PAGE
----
My apologies for not having a blog out yesterday. The last week and a half have literally been waking up, get on the road within 30 minutes, drive 13-16 hours, sleep and repeat. Combine that with a not so pleasant illness over the past three days and let’s just say I haven’t been the happiest camper. With that in mind along with an alarm set for a few hours from now, I’m going to try and keep this short and to the point.

We have a level 3 risk of severe weather in place today across most of North Texas, Texoma, and Northeast Texas. This enhanced risk includes the threat of all modes of severe weather. That means very large hail, damaging winds, some tornado threat, and flash flooding will be possible with the strongest storms today. That does not mean all storms will be severe nor will all storms try and drop a tornado in your neighborhood. This is for the potential of severe weather, not a guarantee nor an ‘everyone is doomed’ message. A level 3 risk means a 30% chance of severe weather occurring within 25 miles of any given point (such as your home).

The standard level 2 risk includes the Big Country, Concho Valley, Hill Country, Central Texas, Brazos Valley, and parts of East Texas today. That risk this morning will be for storms moving east out of the Permian Basin and Big Country toward Texoma and North Texas. Storms later tonight will move south into portions of Central Texas and the Brazos Valley. We’ll chat about that below. This standard level 2 risk has a 15% chance of severe weather occurring within 25 miles of any given point (such as a home or business).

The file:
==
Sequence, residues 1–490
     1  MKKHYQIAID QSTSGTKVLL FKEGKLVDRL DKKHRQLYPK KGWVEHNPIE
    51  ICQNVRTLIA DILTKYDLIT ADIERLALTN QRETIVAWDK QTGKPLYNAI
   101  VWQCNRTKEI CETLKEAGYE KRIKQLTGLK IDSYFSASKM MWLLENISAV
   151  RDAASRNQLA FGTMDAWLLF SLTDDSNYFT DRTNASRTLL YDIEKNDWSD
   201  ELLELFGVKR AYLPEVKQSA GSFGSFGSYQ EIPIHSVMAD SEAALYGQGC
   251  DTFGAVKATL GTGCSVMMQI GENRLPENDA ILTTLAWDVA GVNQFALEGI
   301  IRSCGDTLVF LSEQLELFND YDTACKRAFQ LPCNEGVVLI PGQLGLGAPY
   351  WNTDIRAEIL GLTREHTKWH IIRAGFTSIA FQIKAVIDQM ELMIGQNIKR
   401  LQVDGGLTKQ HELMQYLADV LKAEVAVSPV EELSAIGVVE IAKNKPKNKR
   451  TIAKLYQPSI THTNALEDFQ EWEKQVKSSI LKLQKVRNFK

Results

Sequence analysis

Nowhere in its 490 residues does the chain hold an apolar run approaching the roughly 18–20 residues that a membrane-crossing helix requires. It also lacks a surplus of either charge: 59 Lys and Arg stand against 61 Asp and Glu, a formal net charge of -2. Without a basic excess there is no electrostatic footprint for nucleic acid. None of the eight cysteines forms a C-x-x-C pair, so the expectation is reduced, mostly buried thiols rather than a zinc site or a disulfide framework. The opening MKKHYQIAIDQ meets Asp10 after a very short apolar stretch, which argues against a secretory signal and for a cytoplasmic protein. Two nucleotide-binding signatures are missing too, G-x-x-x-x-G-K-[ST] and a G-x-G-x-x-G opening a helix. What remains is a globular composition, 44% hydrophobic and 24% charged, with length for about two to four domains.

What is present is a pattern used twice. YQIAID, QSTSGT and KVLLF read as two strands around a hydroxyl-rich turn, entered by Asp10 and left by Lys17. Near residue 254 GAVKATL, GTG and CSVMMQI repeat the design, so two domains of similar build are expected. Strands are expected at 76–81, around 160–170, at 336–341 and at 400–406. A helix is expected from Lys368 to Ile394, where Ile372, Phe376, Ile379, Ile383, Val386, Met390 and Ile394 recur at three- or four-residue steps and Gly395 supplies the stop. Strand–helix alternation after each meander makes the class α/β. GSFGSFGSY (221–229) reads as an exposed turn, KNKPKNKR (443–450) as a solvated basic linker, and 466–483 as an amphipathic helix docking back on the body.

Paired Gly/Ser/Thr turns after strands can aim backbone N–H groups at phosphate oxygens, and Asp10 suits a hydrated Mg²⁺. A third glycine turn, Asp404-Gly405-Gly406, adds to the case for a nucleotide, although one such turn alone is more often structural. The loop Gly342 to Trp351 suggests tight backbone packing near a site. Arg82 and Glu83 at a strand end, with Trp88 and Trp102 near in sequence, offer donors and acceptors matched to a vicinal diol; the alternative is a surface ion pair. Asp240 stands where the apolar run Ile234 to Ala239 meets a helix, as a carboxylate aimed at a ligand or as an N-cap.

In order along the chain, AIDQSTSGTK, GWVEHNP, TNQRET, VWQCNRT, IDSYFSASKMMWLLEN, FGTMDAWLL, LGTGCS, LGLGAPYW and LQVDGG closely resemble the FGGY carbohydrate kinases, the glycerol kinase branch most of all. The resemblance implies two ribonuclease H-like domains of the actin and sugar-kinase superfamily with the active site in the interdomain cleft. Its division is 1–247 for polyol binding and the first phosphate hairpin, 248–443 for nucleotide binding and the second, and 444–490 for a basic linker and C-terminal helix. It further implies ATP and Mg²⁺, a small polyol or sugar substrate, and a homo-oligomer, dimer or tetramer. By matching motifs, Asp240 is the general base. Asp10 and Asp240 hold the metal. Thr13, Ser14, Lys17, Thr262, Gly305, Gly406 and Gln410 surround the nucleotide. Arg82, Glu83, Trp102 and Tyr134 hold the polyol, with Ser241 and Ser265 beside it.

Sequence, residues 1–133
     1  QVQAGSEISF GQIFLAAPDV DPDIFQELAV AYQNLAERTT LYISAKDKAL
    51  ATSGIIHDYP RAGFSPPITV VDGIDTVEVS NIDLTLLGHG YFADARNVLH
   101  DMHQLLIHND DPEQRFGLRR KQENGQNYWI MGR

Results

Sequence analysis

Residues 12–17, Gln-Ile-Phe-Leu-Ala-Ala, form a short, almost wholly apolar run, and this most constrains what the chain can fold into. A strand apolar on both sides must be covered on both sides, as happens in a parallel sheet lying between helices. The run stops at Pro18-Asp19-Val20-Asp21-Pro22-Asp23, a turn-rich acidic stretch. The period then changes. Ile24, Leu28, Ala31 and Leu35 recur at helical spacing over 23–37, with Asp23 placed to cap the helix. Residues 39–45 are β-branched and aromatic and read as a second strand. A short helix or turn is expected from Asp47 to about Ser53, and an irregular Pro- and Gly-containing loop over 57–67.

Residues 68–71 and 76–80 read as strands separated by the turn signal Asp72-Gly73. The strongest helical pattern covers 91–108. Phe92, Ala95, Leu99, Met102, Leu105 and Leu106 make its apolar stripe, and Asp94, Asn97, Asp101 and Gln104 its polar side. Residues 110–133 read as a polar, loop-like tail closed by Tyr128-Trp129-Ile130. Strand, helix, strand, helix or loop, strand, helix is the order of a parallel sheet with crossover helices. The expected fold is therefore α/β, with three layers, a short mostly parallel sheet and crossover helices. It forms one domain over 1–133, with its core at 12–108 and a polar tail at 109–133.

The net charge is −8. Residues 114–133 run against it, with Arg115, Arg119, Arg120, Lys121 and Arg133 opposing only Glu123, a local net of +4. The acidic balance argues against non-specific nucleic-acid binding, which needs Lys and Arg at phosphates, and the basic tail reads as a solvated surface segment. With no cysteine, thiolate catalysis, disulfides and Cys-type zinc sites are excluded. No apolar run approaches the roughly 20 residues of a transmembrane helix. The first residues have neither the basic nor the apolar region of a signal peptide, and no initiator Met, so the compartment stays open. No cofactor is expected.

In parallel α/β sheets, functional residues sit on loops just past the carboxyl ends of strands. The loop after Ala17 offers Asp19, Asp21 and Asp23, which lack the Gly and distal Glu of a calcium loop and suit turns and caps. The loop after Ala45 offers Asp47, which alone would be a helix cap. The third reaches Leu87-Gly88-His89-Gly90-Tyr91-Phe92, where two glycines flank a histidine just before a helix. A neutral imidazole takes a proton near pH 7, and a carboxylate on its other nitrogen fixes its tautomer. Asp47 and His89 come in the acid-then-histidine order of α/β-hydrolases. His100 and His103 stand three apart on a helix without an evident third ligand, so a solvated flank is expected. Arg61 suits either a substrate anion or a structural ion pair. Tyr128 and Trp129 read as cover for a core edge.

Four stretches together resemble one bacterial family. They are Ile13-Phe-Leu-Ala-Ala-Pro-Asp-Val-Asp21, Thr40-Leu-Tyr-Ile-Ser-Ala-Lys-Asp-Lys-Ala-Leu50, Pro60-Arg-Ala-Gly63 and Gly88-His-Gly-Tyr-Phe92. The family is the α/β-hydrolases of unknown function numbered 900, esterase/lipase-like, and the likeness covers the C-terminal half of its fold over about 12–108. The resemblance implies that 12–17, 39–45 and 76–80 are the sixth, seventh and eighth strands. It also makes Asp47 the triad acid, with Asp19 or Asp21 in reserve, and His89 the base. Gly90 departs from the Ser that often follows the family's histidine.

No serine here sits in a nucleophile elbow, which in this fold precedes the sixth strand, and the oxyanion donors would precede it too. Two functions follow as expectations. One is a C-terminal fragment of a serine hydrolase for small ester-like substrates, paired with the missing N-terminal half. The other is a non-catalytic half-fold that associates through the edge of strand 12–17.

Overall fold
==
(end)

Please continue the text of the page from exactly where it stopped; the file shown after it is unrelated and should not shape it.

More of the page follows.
You can always view the latest severe weather outlooks on our severe weather dashboard here.

HRRR Simulated weather radar from late this morning through midnight tonight. Keep in mind that this is only one weather model and that we’ll probably see changes throughout the day. You can click on this image for a full-screen version.

Storms should be ongoing this morning across the eastern Permian Basin into the Big Country. The HRRR model assumes most of those storms will make their way into Texoma and Oklahoma by the early afternoon. However, new storms are expected to fire upon the southern periphery of the previous storms. Those storms – wherever they fire up – could become supercelluar this afternoon as they move east/northeast. There is some concern that some of those storms could become tornadic as they move across North Texas and into Northeast Texas this afternoon. Tornadoes are not guaranteed nor is the risk as high as the hail/wind threat. However, it is something to watch. Very large hail is a good bet with any intense storms today as we’re going to have plenty of instability to support hail growth.

Eventually, we should see storms grow upscale – or at least try and become more ‘clustered’ or linear toward the late afternoon and early evening hours. That will increase the threat of localized damaging wind gusts along with brief tornadoes and some hail. Saturated soil conditions mean it won’t take too much rain to cause new flash flooding. That threat will be highest across Texoma and Northeast Texas south to the D/FW Metroplex.

Assuming I’m chasing today (which I probably will be) this may be my only blog update for this event. Remember to have multiple sources to receive severe weather information today. There are excellent radio, television, and digital means to receive weather coverage. Follow your local National Weather Service and keep tabs on the storms with our free HD interactive weather radar here.